Majoring in English was a no-brainer for Wagner, who loved English classes all throughout high school. She has fond memories of Professor of English William Pritchard’s class on modern poetry and Professor of Russian Stanley J. Rabinowitz’s class on Russian literature.

“I had a connection with Professor Pritchard … He was my advisor. He’s also a very fine piano player,” Wagner said. “And [Professor] Rabinowitz has a photographic memory and remembers every student’s name. He’s legendary for that.”

Not one to shy away from trying new subjects, Wagner found one of her favorite classes not in either of her majors but in geology. She learned about the subject for the first time in Professor of Mineralogy and Geology Gerald Brophy’s class. The reason she loved the class so much, Wagner said, is because it gave her “a new vantage point.”

“[The class] taught [me] to understand how the natural world was formed, and so it gave [me] a new perspective every time you looked at a landscape,” she explained. “You would understand that … this was igneous rock, and [it’s] shifted this way because of pressure within the earth.” Coincidentally, in Wagner’s current career at Campbell & Company, one of her concentrations is conservation — a topic she began learning about in Brophy’s class.

Unparalleled People Skills Before joining Campbell & Company, Wagner served in senior development positions at various arts organizations in Chicago. While on Amherst’s concert choir tour of Europe after graduation, she received an invitation to interview with the Lyric Opera of Chicago. The organization offered her three positions — one in education, one in the general manager’s office and one in development. “I’d never even heard of [development],” Wagner remarked.

Still, she opted to work in development, fundraising for and improving the organization’s finances and programs, because the job allowed her to use both her academic and social skills. “You had the opportunity to use the intellectual side of your brain for writing grants and that sort of thing,” she said, “but to also meet interesting people — people who are passionate about music [and] the organization.”

Dickerman noted that Wagner’s first job as an assistant fundraiser at the Lyric Opera allowed her to exercise Wagner’s “greatest gift of all: her unparalleled people skills.” An incredibly motivated self-starter, Wagner “used every one of her skills and talents to succeed at [her job], Dickerman said. “No one handed her that job.” Wagner also rose to the challenge when her boss quit, leaving Wagner to do not only her own job, but also her boss’ through a year of searching for a replacement. “You can imagine the impression it made when a 23-year-old female, one year on the job, brought in the funds to support the budget for the opera of a major city for the next year,” Dickerman said.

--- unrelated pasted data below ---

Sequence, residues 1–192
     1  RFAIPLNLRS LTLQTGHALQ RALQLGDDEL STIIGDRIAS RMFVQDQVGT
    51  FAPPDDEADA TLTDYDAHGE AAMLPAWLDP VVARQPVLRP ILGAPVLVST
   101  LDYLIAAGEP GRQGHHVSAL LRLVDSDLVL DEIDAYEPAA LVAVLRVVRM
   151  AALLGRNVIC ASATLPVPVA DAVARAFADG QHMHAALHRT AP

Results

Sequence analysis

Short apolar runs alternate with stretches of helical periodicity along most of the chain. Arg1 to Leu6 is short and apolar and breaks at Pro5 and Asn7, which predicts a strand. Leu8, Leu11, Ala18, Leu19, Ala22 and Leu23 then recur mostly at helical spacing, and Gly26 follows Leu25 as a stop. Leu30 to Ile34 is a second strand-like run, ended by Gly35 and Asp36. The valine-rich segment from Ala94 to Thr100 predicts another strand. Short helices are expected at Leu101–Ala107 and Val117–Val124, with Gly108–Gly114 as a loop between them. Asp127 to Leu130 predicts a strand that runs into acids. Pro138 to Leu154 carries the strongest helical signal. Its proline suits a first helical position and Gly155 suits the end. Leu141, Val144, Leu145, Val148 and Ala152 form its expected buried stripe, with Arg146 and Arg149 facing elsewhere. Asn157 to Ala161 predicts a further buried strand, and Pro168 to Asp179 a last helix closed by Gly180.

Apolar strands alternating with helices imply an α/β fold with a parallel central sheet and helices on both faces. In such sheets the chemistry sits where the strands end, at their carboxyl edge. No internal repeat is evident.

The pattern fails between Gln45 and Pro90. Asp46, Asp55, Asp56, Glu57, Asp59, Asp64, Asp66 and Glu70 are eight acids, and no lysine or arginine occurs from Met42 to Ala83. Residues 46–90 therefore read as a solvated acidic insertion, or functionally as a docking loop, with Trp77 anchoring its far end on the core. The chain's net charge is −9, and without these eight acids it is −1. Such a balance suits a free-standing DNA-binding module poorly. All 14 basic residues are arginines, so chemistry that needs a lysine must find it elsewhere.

After working at the Lyric Opera of Chicago, Wagner went on to work in similar development positions at the Chicago City Ballet, The Museum of Science and Industry and the School of the Art Institute of Chicago. Through all of her experiences, Wagner’s exceptional social skills and ability to make anyone feel at ease were central to her success as a fundraiser.

“You learn on the job,” Wagner said. “Certainly there are arts administration degrees you can get, but … that needs to be coupled with the on-the-ground-experience. Because fundraising is about relationships.” Her jobs also required communicating with both the donors and the organization. “[Fundraising is] about … finding and understanding what excites [the donors] about an organization, and making a match for them that benefits the organization … In the process, we’d do a campaign study and talk to both the donors and the organization, and then we would help them achieve that goal, whatever it might be.”

Wagner’s unique skill of connecting and empathizing with ease is widely known by her family and friends. Her eldest son John Wagner ’12 remarked that “everyone seems to know [his] mom.”

“She just makes an impression on people. I think it’s some combination of how comfortable she is with exactly who she is, her tendency to embrace levity and vulnerability, and how accepting she is of others,” he said. “No matter where we go — we could even be in another city — acquaintances frequently tap my mom on the shoulder to strike up conversation. My family just rolls with it by now … an anticipated side effect of having a particularly endearing and memorable mother.”